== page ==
In the face of opposition and rejection,
her mission was to fight for the courage to love, the right for equal life,
and justice for all over and over again.
Her goal was not just to confront racist, sexist, imperialist, homophobic, YT Supremacist,
“hoteper” oppression.
She stayed awake nights researching, strategizing, and execution plan on how to annihilate it.
The “Political is Personal” was her battle cry.
Her philosophy of love was pure and relentless FEMINIST.
The Last Poets said that “Niggas R Scared of Revolution.”
My sistah knew this,
that’s why she labored and committed her movements wholeheartedly,
because she would not bring any self-truth to this.
Lovely is my light, my spine, my ride or die, my living example of FEARLESS LOVE.
She gave her entire self to everyone she LOVED — — sleet, snow nor rain, dollar nor dime, bus nor train would stop her from LOVING you.
In ghetto terms they call that “yo’ one…”
“Yo dat’s my one right therrr.”
All her LOVED ones must have at least one night where you were hurt and crying over something or somebody and LOVE said,
“Do you need me to come there? What do you want me to bring: my pepper spray, chains, brass knuckles, my sword…What???”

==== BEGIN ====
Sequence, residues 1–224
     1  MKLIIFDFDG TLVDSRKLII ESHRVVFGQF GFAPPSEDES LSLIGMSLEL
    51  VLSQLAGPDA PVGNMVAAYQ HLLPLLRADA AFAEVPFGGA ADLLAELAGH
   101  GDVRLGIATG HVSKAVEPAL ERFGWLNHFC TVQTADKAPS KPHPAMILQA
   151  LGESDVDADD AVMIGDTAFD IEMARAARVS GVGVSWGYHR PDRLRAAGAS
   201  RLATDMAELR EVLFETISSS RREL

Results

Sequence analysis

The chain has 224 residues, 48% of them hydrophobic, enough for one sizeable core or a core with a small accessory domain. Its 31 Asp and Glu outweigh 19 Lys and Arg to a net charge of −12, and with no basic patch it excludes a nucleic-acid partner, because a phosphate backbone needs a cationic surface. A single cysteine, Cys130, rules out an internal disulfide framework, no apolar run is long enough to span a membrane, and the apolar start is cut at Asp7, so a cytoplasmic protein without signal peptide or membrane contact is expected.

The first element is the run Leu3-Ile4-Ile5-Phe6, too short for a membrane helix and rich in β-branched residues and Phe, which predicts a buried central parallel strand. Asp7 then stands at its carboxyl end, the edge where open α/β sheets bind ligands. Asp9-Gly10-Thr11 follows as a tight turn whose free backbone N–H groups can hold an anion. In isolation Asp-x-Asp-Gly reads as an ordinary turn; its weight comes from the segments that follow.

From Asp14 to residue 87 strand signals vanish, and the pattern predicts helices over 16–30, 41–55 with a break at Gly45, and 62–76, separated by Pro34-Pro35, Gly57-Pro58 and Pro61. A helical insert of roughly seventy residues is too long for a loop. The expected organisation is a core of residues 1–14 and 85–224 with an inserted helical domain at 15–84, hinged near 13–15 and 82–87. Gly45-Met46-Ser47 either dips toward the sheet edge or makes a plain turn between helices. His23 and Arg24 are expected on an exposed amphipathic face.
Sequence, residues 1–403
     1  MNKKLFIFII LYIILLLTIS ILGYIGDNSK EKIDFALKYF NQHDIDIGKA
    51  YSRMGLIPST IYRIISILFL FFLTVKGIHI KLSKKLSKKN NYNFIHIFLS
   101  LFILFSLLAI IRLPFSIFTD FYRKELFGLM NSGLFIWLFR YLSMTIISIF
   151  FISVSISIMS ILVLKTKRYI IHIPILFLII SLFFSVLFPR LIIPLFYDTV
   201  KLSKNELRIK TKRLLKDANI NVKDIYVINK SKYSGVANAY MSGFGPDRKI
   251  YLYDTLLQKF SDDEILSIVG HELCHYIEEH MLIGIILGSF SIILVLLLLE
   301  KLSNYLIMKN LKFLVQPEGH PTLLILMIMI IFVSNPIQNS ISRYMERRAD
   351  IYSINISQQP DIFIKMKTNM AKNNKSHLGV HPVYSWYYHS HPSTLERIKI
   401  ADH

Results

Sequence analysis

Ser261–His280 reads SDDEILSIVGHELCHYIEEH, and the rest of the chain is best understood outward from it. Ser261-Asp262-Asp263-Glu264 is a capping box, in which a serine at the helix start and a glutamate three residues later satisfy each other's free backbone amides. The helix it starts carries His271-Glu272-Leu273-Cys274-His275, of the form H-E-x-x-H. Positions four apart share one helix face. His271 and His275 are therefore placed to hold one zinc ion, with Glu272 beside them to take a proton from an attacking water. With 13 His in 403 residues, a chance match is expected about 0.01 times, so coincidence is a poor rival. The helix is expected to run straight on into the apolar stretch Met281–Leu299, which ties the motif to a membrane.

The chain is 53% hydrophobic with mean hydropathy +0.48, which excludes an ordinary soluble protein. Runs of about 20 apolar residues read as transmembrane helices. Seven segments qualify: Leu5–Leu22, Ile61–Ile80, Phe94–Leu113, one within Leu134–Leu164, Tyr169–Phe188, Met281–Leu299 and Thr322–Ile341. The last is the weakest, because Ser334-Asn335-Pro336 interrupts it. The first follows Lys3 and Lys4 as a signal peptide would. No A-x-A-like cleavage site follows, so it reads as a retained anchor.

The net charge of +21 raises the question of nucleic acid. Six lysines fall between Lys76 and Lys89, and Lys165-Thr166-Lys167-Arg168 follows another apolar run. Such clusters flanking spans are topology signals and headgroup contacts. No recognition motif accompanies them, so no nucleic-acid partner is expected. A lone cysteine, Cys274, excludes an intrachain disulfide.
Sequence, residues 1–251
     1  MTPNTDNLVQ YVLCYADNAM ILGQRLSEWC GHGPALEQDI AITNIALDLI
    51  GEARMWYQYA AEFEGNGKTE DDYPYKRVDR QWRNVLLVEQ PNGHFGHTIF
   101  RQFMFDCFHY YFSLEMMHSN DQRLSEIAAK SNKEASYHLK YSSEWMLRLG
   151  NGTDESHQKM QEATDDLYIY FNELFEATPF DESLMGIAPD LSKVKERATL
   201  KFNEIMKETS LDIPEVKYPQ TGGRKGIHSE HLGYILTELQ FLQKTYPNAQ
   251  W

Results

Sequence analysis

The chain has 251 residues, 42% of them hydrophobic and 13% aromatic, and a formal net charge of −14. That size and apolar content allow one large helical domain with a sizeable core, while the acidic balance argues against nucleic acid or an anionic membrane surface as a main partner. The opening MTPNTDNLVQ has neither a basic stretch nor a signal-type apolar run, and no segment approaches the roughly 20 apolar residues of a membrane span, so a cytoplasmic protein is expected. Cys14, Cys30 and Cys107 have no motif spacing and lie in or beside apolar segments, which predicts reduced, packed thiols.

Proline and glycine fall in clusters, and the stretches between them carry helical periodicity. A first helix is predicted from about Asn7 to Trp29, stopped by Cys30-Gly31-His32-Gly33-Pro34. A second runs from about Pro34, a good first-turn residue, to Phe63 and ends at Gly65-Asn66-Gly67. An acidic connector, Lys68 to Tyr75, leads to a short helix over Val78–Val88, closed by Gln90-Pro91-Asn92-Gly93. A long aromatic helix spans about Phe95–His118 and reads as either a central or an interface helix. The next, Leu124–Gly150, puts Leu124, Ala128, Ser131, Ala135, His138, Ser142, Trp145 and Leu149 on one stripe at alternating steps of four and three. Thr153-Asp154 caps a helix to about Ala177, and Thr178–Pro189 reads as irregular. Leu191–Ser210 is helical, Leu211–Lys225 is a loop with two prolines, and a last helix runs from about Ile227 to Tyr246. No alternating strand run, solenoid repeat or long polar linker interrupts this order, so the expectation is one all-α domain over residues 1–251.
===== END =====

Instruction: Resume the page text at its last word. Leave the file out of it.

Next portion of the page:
i’d say, “Stand down for now Lovely.”
She last wrote, “#whowillcryforthelittleblackgirl?”
What do you do when after tireless, thankless work,
you come home, remove your armor, and reveal your war-torn skin?
Who will love you despite your scars? Who is safe to let in?
What do you do when you want the world to be your friend
and when you open the gift of your embrace,
they refuse to come in for whatever reason?
The worst crime is unrequited LOVE
and it deserves capital punishment and be listed as the #1 act of terrorism.
Rape belittle, degrades, manipulates, assaults, murders, and destroys
the minds, bodies, and souls of womyn and their children for generations.
Denial and rejection of love food to a hungry child is an act of mal-creation.
For Lovely, the absence of nurturing LOVE is called patriarchy.
Restore the womb, keep womyn sacred, and heal her position are first on this planet.
Jenny’s favorite song was called “Love Will Never Do Without You” by Janet.
That was her last message, that she could march, protest, organize, and chant until the violent break of dawn,